The Washington PostDemocracy Dies in Darkness

Kid Congo Powers looks back on his rock-and-roll journey

In ‘Some New Kind of Kick,’ the guitarist for multiple bands in the post-punk pantheon writes about his one-of-a-kind career

Kid Congo Powers. (Romi Mori)

The list of proper guitar heroes, those six-string shredders who play solos with their teeth while their groins are busy looking good in leather, is a short one these days. And not just because Eddie Van Halen and B.B. King are both dead, and Eric Clapton’s reputation as a jerk has finally outpaced his reputation as God’s White blues representative on earth. Guitar music simply doesn’t hold the cultural space it once did; being extremely good at playing the guitar is about as culturally relevant as being the world’s greatest telephone landline installer.

One interesting aspect of this development is that as less attention is paid to guitar heroes, it can help us redefine what it means to be one. If we let go of nostalgia and its stranglehold and embrace an alternate timeline where Sonny Sharrock is as important as Jimmy Page, where Screaming Females’ Marissa Paternoster is the one on posters in Guitar Center, then the list is longer and more representative of the possibilities of sound a guitar can hold. And to that list you might add Kid Congo Powers, a self-described “queer man, Mexican American, Chicano, self-taught, self possessed weirdo” who calls his own playing “an expressionistic blob of sound.”

He’s the guitarist who gave the Cramps’ “New Kind of Kick” its psychedelic siren coda, who co-founded post-punk cult favorites the Gun Club and who played on Nick Cave & The Bad Seeds two late-‘80s gloom-grandeur classics “Tender Prey” and “The Good Son.” Stories of those bands and more are covered in his new memoir, “Some New Kind of Kick,” a whirlwind of discovery and debauchery that is so loaded with iconic scenes and scenesters that it might feel name-droppy if its author didn’t treat his fellow freaks with the same unbridled affection he shows for his more notorious peers.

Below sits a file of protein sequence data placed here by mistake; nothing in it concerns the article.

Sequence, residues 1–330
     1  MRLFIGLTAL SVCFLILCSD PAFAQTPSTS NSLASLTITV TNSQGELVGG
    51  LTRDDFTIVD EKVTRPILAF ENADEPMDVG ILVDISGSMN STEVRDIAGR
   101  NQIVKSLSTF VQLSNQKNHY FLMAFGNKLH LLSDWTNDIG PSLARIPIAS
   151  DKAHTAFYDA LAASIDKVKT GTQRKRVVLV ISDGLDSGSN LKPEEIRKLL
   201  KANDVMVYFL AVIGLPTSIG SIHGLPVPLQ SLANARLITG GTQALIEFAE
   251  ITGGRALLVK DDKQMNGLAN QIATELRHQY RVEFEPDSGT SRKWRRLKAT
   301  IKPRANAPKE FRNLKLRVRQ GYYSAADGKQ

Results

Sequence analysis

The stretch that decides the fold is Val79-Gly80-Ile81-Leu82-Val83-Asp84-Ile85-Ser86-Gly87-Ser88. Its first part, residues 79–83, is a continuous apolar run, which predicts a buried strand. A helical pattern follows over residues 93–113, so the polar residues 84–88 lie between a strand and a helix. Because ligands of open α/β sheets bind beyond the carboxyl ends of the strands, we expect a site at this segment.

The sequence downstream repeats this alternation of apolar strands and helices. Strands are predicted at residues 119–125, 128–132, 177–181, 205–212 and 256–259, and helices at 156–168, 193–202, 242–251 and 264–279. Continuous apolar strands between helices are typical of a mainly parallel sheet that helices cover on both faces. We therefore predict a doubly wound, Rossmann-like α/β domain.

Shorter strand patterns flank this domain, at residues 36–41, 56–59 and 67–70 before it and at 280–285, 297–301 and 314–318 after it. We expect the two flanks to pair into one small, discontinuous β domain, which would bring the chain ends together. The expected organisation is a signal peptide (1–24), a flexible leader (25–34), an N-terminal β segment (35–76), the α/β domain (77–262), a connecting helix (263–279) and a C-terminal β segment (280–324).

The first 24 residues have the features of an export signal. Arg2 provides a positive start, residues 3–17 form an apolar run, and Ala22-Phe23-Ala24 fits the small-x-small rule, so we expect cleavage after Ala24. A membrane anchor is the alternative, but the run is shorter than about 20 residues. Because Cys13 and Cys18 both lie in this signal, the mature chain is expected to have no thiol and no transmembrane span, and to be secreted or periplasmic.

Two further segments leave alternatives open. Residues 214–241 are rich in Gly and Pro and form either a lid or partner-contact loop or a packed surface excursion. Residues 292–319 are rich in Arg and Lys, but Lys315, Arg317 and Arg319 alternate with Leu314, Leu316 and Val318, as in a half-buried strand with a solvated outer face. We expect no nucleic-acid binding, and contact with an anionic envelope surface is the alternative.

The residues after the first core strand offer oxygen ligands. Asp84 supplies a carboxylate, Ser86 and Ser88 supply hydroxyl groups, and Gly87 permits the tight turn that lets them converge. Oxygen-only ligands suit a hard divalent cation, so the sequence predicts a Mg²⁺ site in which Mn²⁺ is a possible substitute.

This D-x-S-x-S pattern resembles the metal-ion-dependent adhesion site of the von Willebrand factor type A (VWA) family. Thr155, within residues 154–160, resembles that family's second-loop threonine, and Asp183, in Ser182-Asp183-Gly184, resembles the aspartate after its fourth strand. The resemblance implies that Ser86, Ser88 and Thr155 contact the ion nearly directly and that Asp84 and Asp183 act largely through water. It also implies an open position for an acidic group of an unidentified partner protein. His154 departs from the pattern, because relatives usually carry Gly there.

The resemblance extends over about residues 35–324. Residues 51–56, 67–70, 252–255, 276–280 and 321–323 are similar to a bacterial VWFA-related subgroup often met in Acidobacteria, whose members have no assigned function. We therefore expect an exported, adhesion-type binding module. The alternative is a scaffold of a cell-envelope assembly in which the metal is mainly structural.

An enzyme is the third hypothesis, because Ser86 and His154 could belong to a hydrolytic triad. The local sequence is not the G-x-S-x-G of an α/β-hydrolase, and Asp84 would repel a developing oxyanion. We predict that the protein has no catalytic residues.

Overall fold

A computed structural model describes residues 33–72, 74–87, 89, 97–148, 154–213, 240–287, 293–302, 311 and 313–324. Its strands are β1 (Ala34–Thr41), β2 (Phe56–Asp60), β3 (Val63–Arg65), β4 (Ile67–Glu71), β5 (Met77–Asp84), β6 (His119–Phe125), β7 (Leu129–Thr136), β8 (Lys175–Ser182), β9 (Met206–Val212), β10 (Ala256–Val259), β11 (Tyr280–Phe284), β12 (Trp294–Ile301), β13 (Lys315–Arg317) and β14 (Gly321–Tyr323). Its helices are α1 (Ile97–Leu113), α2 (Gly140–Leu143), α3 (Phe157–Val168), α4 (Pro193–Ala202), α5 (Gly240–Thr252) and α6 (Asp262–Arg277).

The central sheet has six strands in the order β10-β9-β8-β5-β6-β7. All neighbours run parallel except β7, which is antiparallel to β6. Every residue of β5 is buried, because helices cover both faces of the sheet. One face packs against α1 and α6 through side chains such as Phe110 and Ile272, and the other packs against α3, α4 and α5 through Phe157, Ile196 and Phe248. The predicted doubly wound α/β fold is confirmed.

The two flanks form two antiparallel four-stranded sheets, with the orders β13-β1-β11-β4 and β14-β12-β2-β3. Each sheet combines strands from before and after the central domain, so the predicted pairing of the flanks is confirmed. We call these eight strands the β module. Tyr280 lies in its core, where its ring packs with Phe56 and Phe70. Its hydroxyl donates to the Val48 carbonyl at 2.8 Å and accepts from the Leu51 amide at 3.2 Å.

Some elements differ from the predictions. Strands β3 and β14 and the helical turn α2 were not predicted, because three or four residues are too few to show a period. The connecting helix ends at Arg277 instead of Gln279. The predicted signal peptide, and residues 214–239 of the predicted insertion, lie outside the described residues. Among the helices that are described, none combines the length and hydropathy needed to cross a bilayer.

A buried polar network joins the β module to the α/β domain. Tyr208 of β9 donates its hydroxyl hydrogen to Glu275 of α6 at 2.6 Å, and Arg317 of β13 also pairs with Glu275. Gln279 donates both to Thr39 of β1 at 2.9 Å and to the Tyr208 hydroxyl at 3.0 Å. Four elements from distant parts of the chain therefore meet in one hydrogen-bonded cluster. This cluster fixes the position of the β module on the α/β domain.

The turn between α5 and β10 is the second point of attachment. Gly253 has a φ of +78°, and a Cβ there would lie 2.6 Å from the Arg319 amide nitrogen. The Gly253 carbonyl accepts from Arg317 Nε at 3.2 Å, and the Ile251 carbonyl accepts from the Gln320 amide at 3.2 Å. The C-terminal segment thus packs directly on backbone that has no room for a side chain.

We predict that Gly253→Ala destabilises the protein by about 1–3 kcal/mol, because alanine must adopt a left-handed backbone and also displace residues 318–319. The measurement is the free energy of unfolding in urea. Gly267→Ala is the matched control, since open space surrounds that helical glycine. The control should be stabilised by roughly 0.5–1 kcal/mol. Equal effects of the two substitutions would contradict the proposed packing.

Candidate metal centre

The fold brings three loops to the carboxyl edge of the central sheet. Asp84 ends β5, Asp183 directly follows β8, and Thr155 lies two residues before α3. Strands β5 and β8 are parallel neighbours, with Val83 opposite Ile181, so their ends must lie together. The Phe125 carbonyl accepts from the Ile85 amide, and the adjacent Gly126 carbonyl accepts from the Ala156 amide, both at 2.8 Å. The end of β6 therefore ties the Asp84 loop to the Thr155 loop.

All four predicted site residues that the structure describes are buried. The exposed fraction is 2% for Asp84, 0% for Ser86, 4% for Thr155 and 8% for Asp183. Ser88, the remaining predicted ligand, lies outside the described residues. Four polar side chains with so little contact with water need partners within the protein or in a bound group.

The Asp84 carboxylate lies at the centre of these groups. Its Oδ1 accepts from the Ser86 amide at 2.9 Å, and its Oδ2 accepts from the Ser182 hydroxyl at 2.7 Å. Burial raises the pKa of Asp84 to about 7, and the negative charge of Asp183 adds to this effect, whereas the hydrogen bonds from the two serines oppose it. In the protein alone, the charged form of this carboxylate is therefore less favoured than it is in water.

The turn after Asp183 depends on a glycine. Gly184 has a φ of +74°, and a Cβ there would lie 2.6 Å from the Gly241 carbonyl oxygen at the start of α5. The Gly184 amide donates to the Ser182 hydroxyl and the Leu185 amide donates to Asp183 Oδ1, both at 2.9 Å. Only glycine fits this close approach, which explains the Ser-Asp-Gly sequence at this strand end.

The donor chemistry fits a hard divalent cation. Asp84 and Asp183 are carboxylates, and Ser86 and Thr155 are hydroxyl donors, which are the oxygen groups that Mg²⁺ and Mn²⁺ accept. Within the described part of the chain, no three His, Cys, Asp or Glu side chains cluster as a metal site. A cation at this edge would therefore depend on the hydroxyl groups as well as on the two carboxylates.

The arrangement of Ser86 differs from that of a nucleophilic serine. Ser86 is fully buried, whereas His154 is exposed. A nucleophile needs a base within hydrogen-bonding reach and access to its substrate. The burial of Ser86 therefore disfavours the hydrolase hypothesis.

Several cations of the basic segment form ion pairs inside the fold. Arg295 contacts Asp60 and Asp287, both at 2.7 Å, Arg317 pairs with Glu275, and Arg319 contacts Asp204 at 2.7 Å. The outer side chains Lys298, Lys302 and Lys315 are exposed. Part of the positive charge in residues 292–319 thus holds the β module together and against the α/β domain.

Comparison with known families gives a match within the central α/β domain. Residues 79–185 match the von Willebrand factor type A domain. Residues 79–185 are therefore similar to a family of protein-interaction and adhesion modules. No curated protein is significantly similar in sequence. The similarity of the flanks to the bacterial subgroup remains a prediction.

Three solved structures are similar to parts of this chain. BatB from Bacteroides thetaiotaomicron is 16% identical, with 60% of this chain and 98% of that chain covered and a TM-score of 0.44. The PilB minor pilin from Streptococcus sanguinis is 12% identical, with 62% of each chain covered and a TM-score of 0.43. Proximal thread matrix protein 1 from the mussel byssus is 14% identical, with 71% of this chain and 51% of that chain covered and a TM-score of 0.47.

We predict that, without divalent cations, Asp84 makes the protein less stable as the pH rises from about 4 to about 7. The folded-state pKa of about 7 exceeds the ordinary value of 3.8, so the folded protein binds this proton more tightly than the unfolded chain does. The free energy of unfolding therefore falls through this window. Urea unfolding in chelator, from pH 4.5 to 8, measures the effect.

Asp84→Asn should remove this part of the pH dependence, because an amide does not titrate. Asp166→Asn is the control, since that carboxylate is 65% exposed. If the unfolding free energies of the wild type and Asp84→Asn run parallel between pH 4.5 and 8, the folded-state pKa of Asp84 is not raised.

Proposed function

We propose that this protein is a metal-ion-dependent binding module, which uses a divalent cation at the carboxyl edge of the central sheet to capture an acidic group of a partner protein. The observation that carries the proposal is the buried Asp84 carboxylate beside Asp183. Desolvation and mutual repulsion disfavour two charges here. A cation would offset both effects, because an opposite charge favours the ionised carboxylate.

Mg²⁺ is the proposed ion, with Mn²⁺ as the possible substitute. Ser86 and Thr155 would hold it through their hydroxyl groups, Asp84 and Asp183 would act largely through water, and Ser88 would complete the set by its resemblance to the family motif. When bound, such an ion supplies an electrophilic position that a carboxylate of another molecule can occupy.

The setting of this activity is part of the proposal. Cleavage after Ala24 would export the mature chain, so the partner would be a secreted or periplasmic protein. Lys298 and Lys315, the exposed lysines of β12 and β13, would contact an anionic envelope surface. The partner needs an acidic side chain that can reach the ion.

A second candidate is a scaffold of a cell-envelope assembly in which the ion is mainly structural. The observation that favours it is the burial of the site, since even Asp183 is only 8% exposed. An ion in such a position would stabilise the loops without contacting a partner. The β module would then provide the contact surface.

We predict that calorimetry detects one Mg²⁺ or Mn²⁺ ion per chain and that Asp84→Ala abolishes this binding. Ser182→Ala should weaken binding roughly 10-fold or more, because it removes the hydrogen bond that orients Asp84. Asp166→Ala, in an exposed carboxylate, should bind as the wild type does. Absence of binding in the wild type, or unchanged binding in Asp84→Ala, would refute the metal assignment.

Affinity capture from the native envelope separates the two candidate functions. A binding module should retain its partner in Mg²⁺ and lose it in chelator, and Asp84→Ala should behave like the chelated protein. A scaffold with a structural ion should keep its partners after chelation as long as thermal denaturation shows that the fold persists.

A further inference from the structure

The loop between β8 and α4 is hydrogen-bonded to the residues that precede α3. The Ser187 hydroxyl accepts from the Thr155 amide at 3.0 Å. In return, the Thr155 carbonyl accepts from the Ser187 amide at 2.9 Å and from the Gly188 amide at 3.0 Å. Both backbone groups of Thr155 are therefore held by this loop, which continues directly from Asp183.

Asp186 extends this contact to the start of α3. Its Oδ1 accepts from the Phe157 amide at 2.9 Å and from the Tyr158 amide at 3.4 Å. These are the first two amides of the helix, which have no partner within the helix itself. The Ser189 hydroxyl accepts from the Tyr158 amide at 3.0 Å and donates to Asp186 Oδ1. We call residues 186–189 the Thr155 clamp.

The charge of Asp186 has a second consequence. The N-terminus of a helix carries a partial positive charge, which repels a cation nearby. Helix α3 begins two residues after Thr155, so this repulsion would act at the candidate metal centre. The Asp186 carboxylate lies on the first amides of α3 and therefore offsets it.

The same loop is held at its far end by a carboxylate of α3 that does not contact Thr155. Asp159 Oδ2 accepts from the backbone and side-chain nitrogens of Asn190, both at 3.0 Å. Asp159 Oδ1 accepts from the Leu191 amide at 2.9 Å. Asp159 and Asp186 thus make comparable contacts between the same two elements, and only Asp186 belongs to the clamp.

“I definitely have a very healthy ego, and at the time even more so,” Powers said in a recent interview. “But I also came from being a young fan, and I understood that always. That’s what I always felt like I was, and I still am. Not young, but a young fan inside.”

Born Brian Tristan in La Puente, Calif., in 1959, Kid Congo is what most people would call a “musician’s musician.” If his work and persona are less well-known to the general public, he’s a borderline legend to any artist who has ever tried to fit a mile teased high of jet black hair underneath a cowboy hat. Over the last four decades, the guitarist has, as both sideman and frontman of his own group the Pink Monkey Birds, achieved notoriety as a stylish purveyor of noirish and gritty bonhomie, and amassed an impressive circle of influences (Nick Zinner of Yeah Yeah Yeahs and Jack White among them) based on his texturally inventive but rarely indirect playing.

At 63, Powers still maintains a youthful joie de vivre shaded by the arch sophistication that Cave describes as “a kind of louche sexiness.” As for his playing style, Cave says: “Kid would land that slow open chord on his guitar, playing it with a particular kind of languorous sleaze that was immediately identifiable.”

That style has evolved over the years into something of his own. It’s one part garage/R&B house rockin’ traditionalism and two parts “nonsense that makes a lot of sense,” to use a phrase attributed to one of Powers’s own chief influences, the “no wave” guitarist Pat Place. It’s resulted in Powers being a regular and welcome presence, like a Zelig with agency and riffs, in almost every underground American rock scene of the last five decades, from ’70s glam rock, the birth of punk and the ascendancy of goth, to whatever iteration of the seemingly eternal cycle of garage rock revivals we’re on in 2022.

“I was just someone who put myself in whatever I wanted to be in,” Powers said, attempting to sum up a journey that began with his entry into the music industry as the teenage founder of the Ramones Fan Club in California.

Powers has been writing “Some New Kind of Kick” on and off since 2006. Inspired and encouraged by his longtime friend, the soul DJ and counterculture impresario Jonathan Toubin, who he remembers telling him: “Some people know you did the Cramps. Some people know you did the Gun Club. Some people know you did the Bad Seeds. But a lot of people don’t know you did all those things.”

Sharing some hallmarks of rock bios (notably in its journey from heroin addiction to something akin to serenity), Powers’s memoir — told in a conversational/conspiratorial breeziness influenced, he says, by Cookie Mueller’s “Walking Through Clear Water in a Pool Painted Black” — is less a typical rocker-coming-of-age story than a dream of one, where near-familiar names and faces pop up and pass through as though by Tarot.